Results and discussion
Transcriptome assembly metrics
Total number of reads
Number of reads mapping on raw genome 1
471 018 (89%)
Number of gene-contigs
Average length in bp (range; median)
1266 (212 – 7588; 1097)
Average coverage (range; median)
7.03X (4 – 1850; 6.93)
Average protein length in amino acids (range; median)
300 (20 – 1992; 258)
Number of annotated proteins2
Comparisons with full-length proteins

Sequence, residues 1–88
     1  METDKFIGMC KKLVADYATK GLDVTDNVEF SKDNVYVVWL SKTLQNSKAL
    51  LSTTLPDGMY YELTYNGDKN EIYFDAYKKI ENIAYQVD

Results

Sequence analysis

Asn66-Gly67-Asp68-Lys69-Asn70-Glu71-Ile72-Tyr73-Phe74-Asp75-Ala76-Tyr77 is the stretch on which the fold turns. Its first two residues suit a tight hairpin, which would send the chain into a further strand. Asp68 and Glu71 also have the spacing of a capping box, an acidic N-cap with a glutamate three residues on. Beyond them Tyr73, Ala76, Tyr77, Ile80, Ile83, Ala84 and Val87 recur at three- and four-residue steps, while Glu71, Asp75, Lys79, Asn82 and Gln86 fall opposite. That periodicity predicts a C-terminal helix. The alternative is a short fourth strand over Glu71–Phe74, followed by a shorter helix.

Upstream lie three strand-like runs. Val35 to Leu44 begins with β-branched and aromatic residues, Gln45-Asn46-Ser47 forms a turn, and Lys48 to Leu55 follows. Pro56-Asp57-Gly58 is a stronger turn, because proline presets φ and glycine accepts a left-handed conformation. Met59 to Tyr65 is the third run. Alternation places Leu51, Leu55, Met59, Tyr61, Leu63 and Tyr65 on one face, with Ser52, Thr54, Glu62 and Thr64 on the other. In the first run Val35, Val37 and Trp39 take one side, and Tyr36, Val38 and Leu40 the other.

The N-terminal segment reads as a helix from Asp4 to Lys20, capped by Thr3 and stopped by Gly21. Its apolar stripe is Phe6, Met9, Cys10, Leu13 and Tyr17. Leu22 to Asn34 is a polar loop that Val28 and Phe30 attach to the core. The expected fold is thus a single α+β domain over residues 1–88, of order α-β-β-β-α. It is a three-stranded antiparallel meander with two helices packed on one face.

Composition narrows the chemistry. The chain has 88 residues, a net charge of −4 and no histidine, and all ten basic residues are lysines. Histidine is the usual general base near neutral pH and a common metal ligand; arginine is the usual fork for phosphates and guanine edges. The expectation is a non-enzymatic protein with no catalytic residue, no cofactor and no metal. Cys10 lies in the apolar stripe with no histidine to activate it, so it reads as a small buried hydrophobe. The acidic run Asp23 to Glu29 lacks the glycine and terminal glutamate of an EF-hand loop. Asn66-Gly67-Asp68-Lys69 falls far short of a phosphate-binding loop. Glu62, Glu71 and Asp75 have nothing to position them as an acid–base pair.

Results from a first glance at the dataset, using full-length blastp searches among various parasitic and non-parasitic worms, confirmed the potential for candidate mimicry identification among S. solidus’ proteins (Figure 2). Full-length blastp searches on the proteomes of S. solidus and six other worm species (four of which are cestodes and two are non-parasitic free living worms) revealed various levels of protein similarities depending on the species being compared to G. aculeatus. When blastp scores between S. solidus and its host were compared to blastp scores between C. elegans and G. aculeatus, for a given host protein, on average, S. solidus shared a significantly higher blast score (p < 0.0001, two-tailed Wilcoxon test, Figure 2). This trend was also true when the association S. solidus-stickleback was compared to the association T. solium-stickleback, i.e. stickleback proteins were, on average, more similar to S. solidus’ proteins than T. solium’s proteins (p < 0.001, two-tailed Wilcoxon test, Figure 2). However, when the comparison is performed with any of the three other cestodes, there is no significant difference between distributions of blastp scores (p = 0.1488 for S. solidus vs. E. multilocularis, p = 0.5181 for S. solidus vs. H. microstoma, p = 0.4723 for S. solidus vs. E. multilocularis, two-tailed Wilcoxon tests, Figure 2). When the proteome of C. teleta, a non-parasitic marine polychaete, was blasted against the stickleback proteome, we observed significantly higher blast scores between the two species, as compared to the scores obtained between S. solidus and the stickleback (p < 0.0001, two-tailed Wilcoxon test, Figure 2). This could be due to the fact that the proteome of C. teleta contains a higher number of proteins than the proteome of S. solidus (32 175 and 9 093 respectively). It is thus expected that by chance alone, more similarities can be found when the blastp search against the stickleback proteome is performed with a larger set of proteins.